I think a successful machinima movie making game for today’s video game consoles would combine features of first-person-shooters like Halo 2 (which give users very good real-time control of the virtual actors) with features of simulation games like The Sims 2 (which gives users very good control over what the game environment looks like). Users would be able to design virtual movie sets, props, and characters by creating and furnishing buildings, landscaping the outdoors, customizing vehicles, and designing & costuming virtual actors in the “The Sims 2” style of play with a set builder toolbox. Once the set, props, and characters are created a director’s toolbox would allow the user to plan various scenes and special effects similar to the way Rainbow Six allows players to plan military raids. Putting the game in “actor mode” would allow the users to act out the scenes by furiously manipulating their video game controls in an attempt to get the virtual actors to hit their marks and respond to each other, similar to the way that users control characters in first-person-shooters while trying to get them to shoot weapons and dodge enemies. Alternatively, some or all of the virtual actors could be put on automatic so that they move and emote to the director’s plan without any human intervention. A post-production toolbox would allow the user to edit the video he created and add voices (or other sounds). Lastly, a smart video game company would also have a website for users to upload their finished movies, review other people’s movies, compare notes on techniques, and trade custom created characters, sets, and props.

The key to such a game, I think, would be flexibility. Some users would just want to boot up a blank “Our Town” set, put it in “actor mode” and start improvising scenes with each other. Other users might want to create very elaborate scenes, environments, or effects in the director’s toolbox or set builder toolbox and not even try their hand at virtual acting at all. A well done machinima movie making game would accommodate them all.

* Which seems like any easy “game” for someone to remake for today’s gaming consoles, and it would let a whole new demographic of people develop a better understanding of how computers really function. I wonder how popular that would be. I also wonder if it would be worth some private organization producing such a game just for the educational benefits it would provide. If anyone really decides to make one of these, please don’t make it for PASCAL!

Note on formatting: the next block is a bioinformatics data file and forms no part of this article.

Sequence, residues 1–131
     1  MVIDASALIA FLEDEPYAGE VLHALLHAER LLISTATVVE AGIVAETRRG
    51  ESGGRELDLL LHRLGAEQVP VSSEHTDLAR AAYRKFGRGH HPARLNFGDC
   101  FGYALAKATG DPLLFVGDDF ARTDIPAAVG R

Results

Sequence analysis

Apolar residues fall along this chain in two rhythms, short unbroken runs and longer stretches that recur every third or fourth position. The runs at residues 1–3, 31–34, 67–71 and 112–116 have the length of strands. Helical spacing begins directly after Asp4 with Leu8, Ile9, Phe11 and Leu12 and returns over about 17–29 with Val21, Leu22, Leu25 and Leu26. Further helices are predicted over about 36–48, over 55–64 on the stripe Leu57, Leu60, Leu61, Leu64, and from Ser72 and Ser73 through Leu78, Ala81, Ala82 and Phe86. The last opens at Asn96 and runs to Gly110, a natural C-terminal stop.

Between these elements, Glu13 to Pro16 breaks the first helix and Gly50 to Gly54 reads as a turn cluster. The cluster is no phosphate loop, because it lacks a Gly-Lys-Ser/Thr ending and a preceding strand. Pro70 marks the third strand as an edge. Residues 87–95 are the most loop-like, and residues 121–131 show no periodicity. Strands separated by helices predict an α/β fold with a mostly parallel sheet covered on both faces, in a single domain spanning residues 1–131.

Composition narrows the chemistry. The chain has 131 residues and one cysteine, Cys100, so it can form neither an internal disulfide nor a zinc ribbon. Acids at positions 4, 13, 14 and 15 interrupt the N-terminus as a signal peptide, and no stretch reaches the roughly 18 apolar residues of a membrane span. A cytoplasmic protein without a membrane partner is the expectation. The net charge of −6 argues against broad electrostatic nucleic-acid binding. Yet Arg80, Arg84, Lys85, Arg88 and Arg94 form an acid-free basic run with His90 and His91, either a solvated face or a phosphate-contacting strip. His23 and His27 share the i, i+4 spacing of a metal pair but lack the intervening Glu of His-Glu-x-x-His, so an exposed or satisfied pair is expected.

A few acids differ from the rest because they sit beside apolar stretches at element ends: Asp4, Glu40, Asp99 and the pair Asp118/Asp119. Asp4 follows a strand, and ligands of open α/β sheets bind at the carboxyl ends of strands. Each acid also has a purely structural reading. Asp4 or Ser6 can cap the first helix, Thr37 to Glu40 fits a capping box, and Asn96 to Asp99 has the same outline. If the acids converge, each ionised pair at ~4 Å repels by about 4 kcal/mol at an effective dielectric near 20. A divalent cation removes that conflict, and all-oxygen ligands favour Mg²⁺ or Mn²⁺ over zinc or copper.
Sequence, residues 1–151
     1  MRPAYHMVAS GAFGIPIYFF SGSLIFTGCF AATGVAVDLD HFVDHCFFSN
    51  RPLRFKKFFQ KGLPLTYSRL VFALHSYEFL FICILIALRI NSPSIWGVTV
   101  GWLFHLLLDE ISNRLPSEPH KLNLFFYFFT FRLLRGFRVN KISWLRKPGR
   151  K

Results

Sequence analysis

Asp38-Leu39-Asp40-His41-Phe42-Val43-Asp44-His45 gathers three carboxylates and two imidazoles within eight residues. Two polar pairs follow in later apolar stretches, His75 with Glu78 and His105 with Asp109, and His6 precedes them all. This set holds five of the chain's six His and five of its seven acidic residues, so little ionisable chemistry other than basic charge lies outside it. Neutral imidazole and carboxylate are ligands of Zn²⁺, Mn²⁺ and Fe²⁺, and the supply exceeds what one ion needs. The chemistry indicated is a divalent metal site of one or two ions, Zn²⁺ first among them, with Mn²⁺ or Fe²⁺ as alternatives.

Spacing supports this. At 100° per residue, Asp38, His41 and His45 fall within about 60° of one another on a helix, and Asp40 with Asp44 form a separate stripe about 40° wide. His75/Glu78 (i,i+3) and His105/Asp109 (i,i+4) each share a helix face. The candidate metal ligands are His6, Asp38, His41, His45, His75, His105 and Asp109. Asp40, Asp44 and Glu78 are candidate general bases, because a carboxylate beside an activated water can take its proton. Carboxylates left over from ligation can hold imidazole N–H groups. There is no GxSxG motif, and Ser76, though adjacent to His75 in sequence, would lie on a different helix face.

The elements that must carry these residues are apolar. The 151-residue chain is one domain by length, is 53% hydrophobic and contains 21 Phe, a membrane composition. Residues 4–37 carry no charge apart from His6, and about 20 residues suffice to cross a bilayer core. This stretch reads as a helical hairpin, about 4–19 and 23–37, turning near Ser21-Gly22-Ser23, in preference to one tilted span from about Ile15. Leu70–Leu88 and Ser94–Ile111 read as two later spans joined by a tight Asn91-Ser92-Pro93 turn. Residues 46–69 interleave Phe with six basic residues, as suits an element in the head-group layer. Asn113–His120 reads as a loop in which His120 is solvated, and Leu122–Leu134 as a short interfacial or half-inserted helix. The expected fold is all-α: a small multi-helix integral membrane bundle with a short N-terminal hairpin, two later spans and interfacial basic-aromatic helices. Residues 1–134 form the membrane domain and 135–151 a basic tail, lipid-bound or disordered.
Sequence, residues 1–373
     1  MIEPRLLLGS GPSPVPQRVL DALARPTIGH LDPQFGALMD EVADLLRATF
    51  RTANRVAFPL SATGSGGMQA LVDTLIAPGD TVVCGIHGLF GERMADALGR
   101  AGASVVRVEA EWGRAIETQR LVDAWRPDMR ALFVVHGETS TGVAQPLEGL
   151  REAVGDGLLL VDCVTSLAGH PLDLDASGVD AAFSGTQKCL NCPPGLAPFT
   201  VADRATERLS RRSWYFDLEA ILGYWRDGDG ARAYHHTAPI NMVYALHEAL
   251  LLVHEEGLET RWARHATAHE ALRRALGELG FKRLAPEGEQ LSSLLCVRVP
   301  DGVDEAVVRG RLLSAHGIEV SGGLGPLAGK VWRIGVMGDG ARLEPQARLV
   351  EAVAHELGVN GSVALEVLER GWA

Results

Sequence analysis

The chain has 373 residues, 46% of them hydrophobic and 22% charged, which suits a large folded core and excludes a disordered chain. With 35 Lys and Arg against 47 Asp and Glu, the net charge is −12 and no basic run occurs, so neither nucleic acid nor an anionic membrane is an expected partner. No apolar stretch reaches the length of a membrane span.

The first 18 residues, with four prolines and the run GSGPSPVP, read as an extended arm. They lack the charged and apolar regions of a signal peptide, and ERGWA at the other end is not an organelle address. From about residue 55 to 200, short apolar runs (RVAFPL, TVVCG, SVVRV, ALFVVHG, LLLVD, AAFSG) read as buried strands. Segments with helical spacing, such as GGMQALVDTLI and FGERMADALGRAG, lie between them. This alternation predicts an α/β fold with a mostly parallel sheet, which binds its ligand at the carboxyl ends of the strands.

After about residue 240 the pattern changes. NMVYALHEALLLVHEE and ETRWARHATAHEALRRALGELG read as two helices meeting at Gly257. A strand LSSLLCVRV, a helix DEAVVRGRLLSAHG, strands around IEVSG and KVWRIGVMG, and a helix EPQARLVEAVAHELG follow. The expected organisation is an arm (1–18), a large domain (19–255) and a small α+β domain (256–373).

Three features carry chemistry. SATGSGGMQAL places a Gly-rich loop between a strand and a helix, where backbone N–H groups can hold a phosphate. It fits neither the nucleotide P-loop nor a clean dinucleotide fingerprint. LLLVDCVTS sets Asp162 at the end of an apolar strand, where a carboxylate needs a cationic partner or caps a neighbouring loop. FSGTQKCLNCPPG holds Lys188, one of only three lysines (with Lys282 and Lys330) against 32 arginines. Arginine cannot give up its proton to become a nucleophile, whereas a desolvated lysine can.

Update: Here is a link to the 2005 Machnima Awards, if you want to see some of the best examples of the hobby. Hattip: Through The Looking Glass. Also, there was a very primitive version of this in the early 1990's called Stunt Island but it focused just on making and filming stunts, not whole movies. There is also some of this functionality in the new game The Movies, which is a simulation of managing a movie studio. There, making movies is part of the larger game not an end in itself and the user has correspondingly much less powerful tools and less flexibility than in the "game" I propose here. They did think to make good use of their website as a user community, though.

Tuesday, November 15, 2005


Online Movie Recommendation 14

This week's recommendation is another machinima video made with The Sims 2. It is the first episode of the award winning series The Strangerhood by Rooster Teeth Productions:


Monday, November 14, 2005


COT #13 is up

Despite what you may have heard, I didn't write "The Future of Media, Not Now But Soon."


An Old Friend Returns

Steven Den Beste appears to have returned to the world of blogging. Check out his new entries at his diary.

Monday, November 07, 2005


Online Movie Recommendation 13

This week's movie recommendation is the first episode of the three episode machinima series "The Awakening":

It made using The Sims 2 video game, and is about a Sims 2 character who begins to figure out how artificial the video game world he lives in is.

The rest of the episodes can be found at the series creator's website "Atlas Enterprises" under the "movies" link.

Saturday, November 05, 2005


Paris Riots and City Planning

Muslim riots continue in Paris for the 9th day. How could this happen in Paris of all places? Weren't Paris's wide boulevards and radiating spoke streets specifically designed to make it easy to stop riots? Judging from the lack of grapeshot I can only assume that Paris has forgotten its history, and the old contingency plans gather dust in the offices of people who think that traffic circles exist only to make driving more interesting.

Tuesday, November 01, 2005


Online Movie Recommendation 12

This week's recommendation is the first episode of an amateur talk show called "This Spartan Life." The episode is broken down into 6 files:

I think the Bob Stein interview in the third segment is the best. Like last week's recommendation, this video is made using one of the Halo videogames.